Distal Ureterectomy

Distal Ureterectomy

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Distal Ureterectomy

The ureters are tubes that connect the kidney to the bladder. Cancer has been found in the lower (distal) part of one of your ureters. To treat the cancer, distal ureterectomy is done. This surgery removes the lower part of the ureter and part of the bladder. Read on to learn more about this procedure and what to expect.

Torso of person showing kidney, bladder, inside of swollen kidney, swollen ureter, and tumor in ureter near bladder.

Preparing for Surgery

Prepare for the surgery as you have been told. In addition:

  • Tell your doctor about all medications you take. This includes herbs and other supplements. It also includes any blood thinners, such as Coumadin, Plavix, or daily aspirin. You may need to stop taking some or all of them before surgery.

  • Do not eat or drink during the 8 hours before your surgery. This includes coffee, water, gum, and mints. (If you have been instructed to take medications, take them with a small sip of water.)

Two Types of Surgery

The surgery may be done through several small incisions (laparoscopy). Or, it may be done through one larger incision (open surgery). Laparoscopy cannot be used in all cases. And surgery begun with laparoscopy sometimes must change to open surgery for safety reasons. You and your doctor will discuss your options.

  • For laparoscopy, the doctor makes 3-5 small incisions in the abdomen. The scope is put through one of the small incisions. The scope sends pictures from inside the abdomen to a video screen. Surgical tools are placed through the other incisions. The surgeon may use a technique called robotic laparoscopy. The robotic system gives a 3D view inside the body. It also assists the surgeon’s hand movements.

  • For open surgery, one larger incision is made in the side. The doctor sees and works through this incision.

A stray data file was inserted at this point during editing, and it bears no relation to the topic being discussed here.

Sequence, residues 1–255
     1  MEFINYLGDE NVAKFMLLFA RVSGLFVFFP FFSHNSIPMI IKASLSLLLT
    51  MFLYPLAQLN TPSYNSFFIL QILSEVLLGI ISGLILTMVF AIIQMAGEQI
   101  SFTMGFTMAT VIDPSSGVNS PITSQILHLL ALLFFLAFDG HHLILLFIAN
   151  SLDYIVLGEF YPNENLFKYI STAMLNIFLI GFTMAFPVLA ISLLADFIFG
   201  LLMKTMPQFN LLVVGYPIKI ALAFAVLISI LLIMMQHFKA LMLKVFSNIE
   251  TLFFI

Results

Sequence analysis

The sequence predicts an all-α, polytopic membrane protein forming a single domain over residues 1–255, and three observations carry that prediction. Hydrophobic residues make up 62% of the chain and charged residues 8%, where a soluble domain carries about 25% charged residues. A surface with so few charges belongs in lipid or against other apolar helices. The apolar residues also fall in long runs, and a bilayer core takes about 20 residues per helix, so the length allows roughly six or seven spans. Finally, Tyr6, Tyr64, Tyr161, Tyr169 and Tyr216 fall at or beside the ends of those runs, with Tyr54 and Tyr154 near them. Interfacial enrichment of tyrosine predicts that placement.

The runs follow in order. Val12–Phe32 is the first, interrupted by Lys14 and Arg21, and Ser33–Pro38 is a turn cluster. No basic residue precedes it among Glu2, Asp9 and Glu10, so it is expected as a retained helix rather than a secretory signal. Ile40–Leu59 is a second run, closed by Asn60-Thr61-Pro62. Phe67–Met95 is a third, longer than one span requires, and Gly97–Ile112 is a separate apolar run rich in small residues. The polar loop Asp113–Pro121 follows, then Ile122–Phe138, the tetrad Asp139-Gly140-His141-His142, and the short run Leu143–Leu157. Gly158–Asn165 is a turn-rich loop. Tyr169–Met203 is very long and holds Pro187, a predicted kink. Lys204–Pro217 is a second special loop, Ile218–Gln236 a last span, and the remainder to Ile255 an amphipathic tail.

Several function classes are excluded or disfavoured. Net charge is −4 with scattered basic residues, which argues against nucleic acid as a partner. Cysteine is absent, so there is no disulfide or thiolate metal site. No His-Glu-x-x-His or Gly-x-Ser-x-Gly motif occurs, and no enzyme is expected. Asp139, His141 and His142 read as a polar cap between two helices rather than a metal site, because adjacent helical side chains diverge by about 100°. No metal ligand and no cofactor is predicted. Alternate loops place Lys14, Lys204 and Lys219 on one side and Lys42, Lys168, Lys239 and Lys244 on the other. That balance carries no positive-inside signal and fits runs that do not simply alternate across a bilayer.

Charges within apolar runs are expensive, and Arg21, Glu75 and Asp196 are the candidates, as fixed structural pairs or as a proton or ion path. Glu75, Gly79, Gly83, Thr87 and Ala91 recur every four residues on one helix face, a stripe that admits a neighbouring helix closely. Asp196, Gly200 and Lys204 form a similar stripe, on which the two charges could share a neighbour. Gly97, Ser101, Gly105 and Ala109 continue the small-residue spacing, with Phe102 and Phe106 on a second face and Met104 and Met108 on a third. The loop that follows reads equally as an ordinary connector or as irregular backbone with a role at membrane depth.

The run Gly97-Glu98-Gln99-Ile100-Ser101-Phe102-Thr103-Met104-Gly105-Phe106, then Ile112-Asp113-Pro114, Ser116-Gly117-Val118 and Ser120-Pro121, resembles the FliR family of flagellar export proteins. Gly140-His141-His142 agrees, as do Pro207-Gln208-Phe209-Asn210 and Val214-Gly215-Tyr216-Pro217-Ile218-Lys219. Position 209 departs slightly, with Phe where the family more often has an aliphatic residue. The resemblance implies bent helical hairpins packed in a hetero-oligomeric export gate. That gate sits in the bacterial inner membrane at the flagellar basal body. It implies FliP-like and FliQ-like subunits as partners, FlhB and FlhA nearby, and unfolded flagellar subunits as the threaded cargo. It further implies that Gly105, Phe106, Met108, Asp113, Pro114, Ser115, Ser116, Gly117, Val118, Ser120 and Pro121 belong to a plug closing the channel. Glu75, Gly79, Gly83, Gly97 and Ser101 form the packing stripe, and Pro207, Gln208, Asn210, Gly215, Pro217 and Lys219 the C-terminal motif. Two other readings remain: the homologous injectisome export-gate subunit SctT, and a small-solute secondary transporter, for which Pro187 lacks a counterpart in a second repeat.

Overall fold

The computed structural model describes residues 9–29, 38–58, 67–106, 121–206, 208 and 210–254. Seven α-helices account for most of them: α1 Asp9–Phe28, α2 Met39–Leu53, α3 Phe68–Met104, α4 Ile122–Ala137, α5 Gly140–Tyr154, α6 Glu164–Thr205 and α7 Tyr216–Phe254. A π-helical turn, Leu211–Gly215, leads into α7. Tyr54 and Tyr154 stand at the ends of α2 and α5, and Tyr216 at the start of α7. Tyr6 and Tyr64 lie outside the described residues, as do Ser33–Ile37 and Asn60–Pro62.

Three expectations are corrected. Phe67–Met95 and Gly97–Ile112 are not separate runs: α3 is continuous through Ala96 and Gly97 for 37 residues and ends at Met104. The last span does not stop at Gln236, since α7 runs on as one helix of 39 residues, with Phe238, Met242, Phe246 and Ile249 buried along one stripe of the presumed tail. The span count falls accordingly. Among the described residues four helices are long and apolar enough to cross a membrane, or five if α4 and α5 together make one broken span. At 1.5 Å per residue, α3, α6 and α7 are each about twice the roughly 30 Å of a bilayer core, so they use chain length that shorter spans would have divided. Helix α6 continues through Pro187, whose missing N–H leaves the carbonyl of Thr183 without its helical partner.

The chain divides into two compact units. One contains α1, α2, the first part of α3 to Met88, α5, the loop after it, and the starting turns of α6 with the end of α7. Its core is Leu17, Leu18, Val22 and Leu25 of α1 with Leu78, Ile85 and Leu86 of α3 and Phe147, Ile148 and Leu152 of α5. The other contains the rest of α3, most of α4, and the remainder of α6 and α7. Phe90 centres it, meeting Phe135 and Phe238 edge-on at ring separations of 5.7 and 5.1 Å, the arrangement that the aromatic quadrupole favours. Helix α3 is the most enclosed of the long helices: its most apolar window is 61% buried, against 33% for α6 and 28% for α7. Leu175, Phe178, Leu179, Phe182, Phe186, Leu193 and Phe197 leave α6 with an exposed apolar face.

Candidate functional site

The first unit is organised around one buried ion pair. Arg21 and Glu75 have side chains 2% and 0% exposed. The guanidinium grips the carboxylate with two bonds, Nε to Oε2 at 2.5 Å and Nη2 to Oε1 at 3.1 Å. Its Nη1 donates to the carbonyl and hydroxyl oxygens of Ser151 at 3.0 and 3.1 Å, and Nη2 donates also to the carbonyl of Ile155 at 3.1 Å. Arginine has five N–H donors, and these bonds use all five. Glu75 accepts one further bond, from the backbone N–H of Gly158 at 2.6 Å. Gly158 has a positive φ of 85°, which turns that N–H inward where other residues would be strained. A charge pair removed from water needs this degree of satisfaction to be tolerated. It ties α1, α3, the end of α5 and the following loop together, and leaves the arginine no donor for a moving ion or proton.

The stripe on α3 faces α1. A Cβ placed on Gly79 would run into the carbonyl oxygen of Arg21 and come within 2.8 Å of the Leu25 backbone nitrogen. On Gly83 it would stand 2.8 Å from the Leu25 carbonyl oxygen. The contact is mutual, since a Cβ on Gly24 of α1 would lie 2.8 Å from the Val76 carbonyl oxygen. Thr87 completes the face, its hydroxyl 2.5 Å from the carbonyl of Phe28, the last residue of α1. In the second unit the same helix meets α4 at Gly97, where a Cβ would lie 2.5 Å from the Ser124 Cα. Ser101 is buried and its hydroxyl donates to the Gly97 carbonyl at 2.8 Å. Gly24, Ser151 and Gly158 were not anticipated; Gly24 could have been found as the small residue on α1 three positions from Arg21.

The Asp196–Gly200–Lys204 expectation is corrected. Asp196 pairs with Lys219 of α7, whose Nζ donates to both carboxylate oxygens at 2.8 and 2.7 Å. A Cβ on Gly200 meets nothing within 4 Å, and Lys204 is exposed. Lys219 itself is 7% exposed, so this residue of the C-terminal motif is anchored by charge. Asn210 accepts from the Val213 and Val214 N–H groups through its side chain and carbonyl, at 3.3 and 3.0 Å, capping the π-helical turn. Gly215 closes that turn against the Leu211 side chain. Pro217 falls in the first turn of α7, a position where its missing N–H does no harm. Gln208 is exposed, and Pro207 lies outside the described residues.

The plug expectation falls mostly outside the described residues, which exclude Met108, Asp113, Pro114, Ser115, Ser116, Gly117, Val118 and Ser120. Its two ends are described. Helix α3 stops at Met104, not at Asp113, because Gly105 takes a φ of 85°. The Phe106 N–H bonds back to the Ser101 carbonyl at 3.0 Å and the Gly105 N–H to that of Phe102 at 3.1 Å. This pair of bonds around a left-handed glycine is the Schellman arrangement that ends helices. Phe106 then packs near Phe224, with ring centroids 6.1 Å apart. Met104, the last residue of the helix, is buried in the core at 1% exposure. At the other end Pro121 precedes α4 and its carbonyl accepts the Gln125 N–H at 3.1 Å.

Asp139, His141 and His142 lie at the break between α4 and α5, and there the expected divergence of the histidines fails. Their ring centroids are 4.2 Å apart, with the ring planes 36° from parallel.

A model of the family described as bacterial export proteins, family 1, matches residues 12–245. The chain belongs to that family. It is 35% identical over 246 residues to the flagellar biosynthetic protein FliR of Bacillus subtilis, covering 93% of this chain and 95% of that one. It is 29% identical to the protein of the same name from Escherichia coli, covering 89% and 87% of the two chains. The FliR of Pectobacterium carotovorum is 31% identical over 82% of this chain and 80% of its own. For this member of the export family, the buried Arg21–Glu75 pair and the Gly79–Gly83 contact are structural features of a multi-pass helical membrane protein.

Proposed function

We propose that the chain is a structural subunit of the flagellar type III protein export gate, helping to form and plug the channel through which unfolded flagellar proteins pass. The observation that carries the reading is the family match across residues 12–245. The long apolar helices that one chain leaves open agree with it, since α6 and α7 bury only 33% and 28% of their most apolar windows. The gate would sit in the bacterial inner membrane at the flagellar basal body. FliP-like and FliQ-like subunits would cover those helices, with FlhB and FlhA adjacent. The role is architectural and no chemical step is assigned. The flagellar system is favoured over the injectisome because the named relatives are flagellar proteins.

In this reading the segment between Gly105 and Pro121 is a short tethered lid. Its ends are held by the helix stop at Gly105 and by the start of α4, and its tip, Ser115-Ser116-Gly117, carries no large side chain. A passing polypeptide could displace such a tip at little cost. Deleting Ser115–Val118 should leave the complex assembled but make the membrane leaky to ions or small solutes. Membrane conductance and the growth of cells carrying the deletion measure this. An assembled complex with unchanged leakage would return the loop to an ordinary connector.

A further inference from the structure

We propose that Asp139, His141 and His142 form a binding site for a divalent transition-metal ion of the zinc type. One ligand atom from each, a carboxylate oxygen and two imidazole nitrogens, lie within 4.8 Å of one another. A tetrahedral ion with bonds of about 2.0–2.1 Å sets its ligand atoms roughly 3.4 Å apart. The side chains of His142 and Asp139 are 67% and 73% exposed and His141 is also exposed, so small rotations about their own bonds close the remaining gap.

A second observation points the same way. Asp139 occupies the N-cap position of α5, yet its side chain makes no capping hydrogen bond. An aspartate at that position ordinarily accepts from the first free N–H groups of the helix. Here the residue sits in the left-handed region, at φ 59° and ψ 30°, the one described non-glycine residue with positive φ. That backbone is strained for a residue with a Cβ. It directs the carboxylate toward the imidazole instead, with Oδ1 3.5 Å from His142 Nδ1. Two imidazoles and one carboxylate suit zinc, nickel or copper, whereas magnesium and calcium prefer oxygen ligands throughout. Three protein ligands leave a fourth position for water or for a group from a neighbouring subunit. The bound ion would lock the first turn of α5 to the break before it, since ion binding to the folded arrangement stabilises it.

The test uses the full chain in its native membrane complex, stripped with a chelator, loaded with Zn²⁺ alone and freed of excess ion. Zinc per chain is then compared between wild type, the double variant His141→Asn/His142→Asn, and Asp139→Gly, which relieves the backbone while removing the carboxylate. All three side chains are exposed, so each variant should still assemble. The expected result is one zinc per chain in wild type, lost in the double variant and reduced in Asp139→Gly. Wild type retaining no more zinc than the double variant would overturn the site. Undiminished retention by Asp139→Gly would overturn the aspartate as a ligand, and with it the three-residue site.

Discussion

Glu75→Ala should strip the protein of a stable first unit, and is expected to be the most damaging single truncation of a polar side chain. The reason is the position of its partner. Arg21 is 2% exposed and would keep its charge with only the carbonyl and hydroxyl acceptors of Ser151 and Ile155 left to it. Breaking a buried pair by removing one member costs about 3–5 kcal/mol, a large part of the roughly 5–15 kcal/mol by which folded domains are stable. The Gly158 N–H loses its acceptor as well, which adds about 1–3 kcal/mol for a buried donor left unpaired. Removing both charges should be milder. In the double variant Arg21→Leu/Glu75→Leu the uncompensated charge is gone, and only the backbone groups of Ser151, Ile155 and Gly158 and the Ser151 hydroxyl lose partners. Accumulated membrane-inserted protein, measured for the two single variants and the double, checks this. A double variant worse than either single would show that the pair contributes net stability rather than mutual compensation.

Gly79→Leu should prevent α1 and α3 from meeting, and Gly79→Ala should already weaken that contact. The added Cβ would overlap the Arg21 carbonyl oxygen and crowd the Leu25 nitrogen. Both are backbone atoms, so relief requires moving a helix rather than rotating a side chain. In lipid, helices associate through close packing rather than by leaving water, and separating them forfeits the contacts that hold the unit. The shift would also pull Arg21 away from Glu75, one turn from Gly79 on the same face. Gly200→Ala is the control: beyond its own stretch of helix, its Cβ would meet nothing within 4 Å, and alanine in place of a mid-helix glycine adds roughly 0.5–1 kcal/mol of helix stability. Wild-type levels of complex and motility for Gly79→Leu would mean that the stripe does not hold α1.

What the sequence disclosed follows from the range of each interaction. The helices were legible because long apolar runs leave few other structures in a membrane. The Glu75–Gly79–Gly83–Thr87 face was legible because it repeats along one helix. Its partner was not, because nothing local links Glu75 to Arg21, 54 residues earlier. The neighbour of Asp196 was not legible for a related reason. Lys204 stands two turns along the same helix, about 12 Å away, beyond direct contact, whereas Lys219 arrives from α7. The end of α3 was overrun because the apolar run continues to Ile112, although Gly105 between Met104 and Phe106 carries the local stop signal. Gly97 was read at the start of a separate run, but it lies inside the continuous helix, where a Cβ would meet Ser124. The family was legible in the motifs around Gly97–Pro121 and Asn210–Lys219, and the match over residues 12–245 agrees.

The Day of Surgery

The surgery takes about 2-3 hours. Afterward, you will stay in the hospital for 1-3 nights.

Before the surgery begins:

  • An IV line is put into a vein in your arm or hand. This line delivers fluids and medications (such as antibiotics).

  • To keep you free of pain during the surgery, you’re given general anesthesia. This medication puts you into a state like deep sleep through the surgery. A tube may be inserted into your throat to help you breathe.

  • A thin tube (catheter) is placed into your bladder through the urethra. This drains urine during the surgery and for a time afterward.

During the surgery:

  • The area is checked for cancer spread. If any is seen the procedure may be halted.

  • The lower end of the ureter and part of the bladder are removed. Nearby lymph nodes may also be removed. The remaining ureter is then reinserted into the bladder and sewn into place.

  • A long, flexible tube called a stent is put into the ureter. It reaches from the kidney into the bladder. It is kept in place for 4-6 weeks after surgery to help hold the ureter open while it heals.

  • A thin tube (Foley catheter) may be left in the bladder, to drain urine while the bladder heals.